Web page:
S29 Cough frequency and morbidity in inpatients with acute respiratory disease

RD Turner, SS Birring, S Matos, GH Bothamley
2013 Thorax  
Introduction Cough is the unique respiratory symptom. Although associated with a range of conditions it has been little studied in acute respiratory disease. We describe cough frequency and cough-related quality of life in this group. Method Participants had a diagnosis of acute exacerbation of asthma (asthma), chronic obstructive pulmonary disease (AECOPD), or lower respiratory tract infection (including community-acquired pneumonia) in the absence of the other respiratory disease (LRTI).
more » ... isease (LRTI). Quality of life was measured with the Leicester Cough Questionnaire (LCQ-acute), cough severity with a visual analogue scale (VAS) and 24-hour cough frequency with the Leicester Cough Monitor. Results 40 patients were recruited within a median (interquartile range) of 1 (1-2.3) day ( ) of hospital admission. Median (IQR) age was 57 (41-71) and 63% were female. Geometric mean ± log 10 SD cough frequencywas high: 19.7 ± 1.36, 33.8 ± 2.02 and 23.6 ± 1.31 coughs/h for asthma (n = 11), AECOPD (n = 15) and LRTI (n = 14) respectively ( Figure) ; median (IQR) cough bouts/24h: 81 (54-210), 148 (97-197) and 129 (67-197). There was no significant difference between disease groups in these values (p > 0.05 for all two-way comparisons). Diurnal variation and median numbers of coughs/ bout were similar between groups. The 48% of patients who were current smokers coughed more than non-smokers (33.6 ± 1.91 vs 20.2 ± 1.38 coughs/h, p = 0.07). No difference in cough frequency was detected amongst the 25% taking angiotensin converting enzyme inhibitors. Gender had no significant overall effect. Median (IQR) VAS scores were 39 (32-86), 73 (53-100) and 82 (48-91) for asthma, AECOPD and LRTI respectively with no significant difference between them. Cough severity showed a significant correlation with 24-hour cough frequency overall (Spearman' coefficient 0.33, p = 0.05). LCQ-acute scores were lower for LRTI (8.4; 6.4-9.5) than asthma (14.7; 10.7-17.5); p = 0.01 (Figure 1) . Neither was significantly different from those for AECOPD (11.5; 8.5-15.6). Quality of life did not correlate with cough frequency (Spearman' coefficient -0.13; p = 0.48). Conclusion Cough frequency in acute respiratory disease is high but with high variation. Cough frequency accounts for only part of morbidity in these conditions.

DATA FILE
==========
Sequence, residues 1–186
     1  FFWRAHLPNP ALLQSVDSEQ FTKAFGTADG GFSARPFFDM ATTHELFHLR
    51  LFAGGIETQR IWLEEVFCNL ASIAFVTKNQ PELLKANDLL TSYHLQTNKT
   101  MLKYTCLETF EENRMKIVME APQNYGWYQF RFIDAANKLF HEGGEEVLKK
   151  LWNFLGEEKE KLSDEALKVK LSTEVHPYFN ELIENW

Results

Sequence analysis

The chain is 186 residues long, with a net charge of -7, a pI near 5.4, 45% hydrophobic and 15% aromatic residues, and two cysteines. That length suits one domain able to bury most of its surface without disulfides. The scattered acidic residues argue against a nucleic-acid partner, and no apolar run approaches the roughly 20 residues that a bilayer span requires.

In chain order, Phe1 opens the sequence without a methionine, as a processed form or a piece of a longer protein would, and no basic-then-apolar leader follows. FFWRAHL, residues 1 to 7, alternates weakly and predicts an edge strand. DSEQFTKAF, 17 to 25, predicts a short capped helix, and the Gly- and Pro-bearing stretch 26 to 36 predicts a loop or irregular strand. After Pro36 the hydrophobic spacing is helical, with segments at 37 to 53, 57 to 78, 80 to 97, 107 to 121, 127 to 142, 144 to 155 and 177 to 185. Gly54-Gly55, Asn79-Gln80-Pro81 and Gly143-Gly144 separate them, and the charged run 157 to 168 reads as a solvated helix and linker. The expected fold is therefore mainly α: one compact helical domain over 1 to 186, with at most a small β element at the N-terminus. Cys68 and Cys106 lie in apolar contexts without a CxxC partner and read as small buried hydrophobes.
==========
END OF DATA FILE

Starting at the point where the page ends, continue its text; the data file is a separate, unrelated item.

doi:10.1136/thoraxjnl-2013-204457.36 fatcat:auekomwgyfgorbfyh7jwhwrqnu